New Year’s Resolution: Eat healthy in 2011


January 1, 2011
Ann Wilmer
Food Writer
Chesapeake Kitchen

The catch phrase “strive for five” reminds us to eat five servings of fruit and vegetables every day. And I suspect that most of us still do not do it, unless you count fruit-filled pie and French fries. We can do better and there’s no better time to start than now. If one of your New Year’s resolutions was to be health-conscious or lose weight, then fruits and vegetables are your friends.

As a child, I was one of those picky eaters who refused to try some foods. Readers who grew up in the South probably recall vegetables seasoned with a little bit of fatback or bacon drippings. They are also familiar with vegetables overcooked until they lose their bright color. We learned to cook a new way, because of my father’s heart condition, and that was the beginning of my love affair with vegetables.

So in this brand new year, let’s lose the animal fat. Kick the can to get rid of nitrates. It takes only a little longer to prepare fresh vegetables that are now so readily available at the supermarket. Some vegetables can be frozen without losing their taste and texture. So opt for fresh whenever possible. Stick with what’s in season to save money. “Fresh” is easier than you might think.

Some vegetables are always available, like carrots. One of those things on my wish list is a mandolin that will make it quick and easy to cut vegetables for cooking. But finely cut carrots are available in the refrigerator section of the produce department, so I can enjoy a julienne of carrots with no prep. Cook them in boiling salted water just until crisp-tender, drain and toss with butter, salt and pepper.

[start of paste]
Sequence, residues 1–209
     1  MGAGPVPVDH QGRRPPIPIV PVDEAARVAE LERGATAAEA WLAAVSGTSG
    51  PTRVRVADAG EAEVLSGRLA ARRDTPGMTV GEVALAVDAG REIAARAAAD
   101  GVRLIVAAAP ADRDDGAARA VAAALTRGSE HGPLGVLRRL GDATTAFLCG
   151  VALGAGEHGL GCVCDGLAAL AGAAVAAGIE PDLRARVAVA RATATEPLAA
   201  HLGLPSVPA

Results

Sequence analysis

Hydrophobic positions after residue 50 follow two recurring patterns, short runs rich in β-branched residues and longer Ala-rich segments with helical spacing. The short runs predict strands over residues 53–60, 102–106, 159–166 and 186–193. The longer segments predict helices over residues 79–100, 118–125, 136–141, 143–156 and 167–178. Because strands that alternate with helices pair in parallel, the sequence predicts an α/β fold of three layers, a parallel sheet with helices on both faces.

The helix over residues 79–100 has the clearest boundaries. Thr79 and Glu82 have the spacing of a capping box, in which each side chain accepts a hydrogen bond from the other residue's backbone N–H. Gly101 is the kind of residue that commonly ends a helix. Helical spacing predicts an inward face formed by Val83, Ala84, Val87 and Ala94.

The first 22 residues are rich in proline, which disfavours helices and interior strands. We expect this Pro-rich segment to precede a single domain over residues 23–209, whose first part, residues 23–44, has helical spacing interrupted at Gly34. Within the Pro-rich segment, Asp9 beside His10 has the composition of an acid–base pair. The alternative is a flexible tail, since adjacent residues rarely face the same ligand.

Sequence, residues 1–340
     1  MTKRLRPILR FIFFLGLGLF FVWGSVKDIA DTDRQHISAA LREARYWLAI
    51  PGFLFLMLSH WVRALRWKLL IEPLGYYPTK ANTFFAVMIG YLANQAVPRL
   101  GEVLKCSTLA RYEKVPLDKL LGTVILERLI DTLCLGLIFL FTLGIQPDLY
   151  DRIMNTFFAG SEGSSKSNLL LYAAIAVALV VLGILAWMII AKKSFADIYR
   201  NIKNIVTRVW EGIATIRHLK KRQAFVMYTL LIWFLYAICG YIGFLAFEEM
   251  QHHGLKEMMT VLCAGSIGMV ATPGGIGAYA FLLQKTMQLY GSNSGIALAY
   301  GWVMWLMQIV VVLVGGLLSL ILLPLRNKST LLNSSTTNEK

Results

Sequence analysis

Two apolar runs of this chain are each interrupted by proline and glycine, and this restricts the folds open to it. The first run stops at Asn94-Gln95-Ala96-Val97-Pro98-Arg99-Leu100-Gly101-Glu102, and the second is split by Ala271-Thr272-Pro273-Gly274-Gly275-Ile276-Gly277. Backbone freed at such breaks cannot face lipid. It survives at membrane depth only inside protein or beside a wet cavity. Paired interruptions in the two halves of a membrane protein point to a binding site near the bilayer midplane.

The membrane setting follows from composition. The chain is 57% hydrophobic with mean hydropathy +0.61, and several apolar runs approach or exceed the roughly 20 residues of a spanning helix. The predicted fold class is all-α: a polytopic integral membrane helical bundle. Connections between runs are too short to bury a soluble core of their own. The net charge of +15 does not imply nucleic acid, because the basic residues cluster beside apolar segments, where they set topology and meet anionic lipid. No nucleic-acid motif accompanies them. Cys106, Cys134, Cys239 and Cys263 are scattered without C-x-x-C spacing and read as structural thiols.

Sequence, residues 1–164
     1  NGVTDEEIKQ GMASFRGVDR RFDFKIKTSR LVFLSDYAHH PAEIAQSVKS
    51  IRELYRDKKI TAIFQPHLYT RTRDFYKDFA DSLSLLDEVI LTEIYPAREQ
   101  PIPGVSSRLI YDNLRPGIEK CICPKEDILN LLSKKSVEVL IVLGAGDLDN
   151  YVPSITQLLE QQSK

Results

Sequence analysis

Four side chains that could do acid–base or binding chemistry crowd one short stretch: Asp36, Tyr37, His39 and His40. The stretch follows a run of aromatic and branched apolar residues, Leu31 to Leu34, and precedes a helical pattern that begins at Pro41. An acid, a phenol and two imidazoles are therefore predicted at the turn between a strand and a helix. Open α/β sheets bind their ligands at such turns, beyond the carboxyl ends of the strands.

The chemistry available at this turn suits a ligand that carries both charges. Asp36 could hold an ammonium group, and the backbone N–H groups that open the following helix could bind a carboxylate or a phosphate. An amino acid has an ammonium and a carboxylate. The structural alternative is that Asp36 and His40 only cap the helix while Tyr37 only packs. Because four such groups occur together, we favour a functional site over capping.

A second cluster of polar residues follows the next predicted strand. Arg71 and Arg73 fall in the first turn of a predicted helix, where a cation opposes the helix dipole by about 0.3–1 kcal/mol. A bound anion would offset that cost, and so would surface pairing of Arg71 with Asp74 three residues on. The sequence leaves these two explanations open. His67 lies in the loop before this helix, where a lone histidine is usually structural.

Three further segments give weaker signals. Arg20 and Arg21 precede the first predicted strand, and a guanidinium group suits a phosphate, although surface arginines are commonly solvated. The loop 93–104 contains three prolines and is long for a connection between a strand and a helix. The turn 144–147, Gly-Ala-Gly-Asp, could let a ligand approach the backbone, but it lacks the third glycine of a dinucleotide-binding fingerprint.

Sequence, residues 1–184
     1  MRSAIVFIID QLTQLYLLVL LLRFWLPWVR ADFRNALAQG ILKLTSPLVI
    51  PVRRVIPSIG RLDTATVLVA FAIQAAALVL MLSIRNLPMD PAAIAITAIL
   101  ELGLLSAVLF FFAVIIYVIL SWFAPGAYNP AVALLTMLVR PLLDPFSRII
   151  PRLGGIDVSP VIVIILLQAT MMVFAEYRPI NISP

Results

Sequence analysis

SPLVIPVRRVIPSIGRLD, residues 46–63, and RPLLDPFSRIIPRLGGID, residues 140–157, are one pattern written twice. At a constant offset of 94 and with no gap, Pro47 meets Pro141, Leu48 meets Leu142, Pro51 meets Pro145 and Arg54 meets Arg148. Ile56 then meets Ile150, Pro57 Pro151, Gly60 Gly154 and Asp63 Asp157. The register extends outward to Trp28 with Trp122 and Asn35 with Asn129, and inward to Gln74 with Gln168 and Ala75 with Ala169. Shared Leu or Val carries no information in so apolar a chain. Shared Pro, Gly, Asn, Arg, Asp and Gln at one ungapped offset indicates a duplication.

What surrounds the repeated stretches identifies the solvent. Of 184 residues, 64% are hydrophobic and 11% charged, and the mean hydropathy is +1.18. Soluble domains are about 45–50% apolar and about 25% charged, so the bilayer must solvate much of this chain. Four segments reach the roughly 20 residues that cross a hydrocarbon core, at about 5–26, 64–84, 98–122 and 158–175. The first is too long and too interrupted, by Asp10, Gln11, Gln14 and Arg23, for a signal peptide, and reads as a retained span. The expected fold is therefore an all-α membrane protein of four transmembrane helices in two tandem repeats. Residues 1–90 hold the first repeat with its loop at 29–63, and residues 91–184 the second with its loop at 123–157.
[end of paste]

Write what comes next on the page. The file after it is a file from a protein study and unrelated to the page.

Cruciferous vegetables such as broccoli, Brussels sprouts, cauliflower and leafy green vegetables, including spinach and kale, are full of essential nutrients. While I know many people who like their greens boiled and served with vinegar, I am not among them. Spinach is one of my favorite vegetables, raw in a salad or as a substitute for lettuce on a sandwich. It can be cooked quickly by putting just-washed spinach in a covered saucepan and steamed quickly without any additional water. We learned to press the cooked spinach between two clean, stainless steel bowls to remove the excess water. Then just add a little salt and pepper and maybe a pat of butter. You can also toss in finely shredded candied ginger.

Brussels sprouts are delightful when not overcooked. Wash the heads, remove the loose outer leaves, trim away the stems and cut an “X” about a quarter inch deep into the bottom of each tiny head. Steam them done in a covered frying pan with very little water. They cook quickly and remain a lovely shade of green. Cook broccoli in much the same way by cutting the head into bite-sized florets and steaming them until they are just tender enough to be pierced easily with the point of a knife. Toss cooked broccoli with a tiny bit of butter and freshly grated pecorino or Parmesan cheese.

This same technique works for other vegetables such as asparagus and green beans. When the vegetables are done to your taste, drain the water, add butter, salt and pepper and serve promptly. When cooking green beans, add dried cranberries to cook along with the beans or garnish cooked beans with cooked, crumbled bacon or sliced almonds sautéed in butter.  Enjoy a healthy new year!


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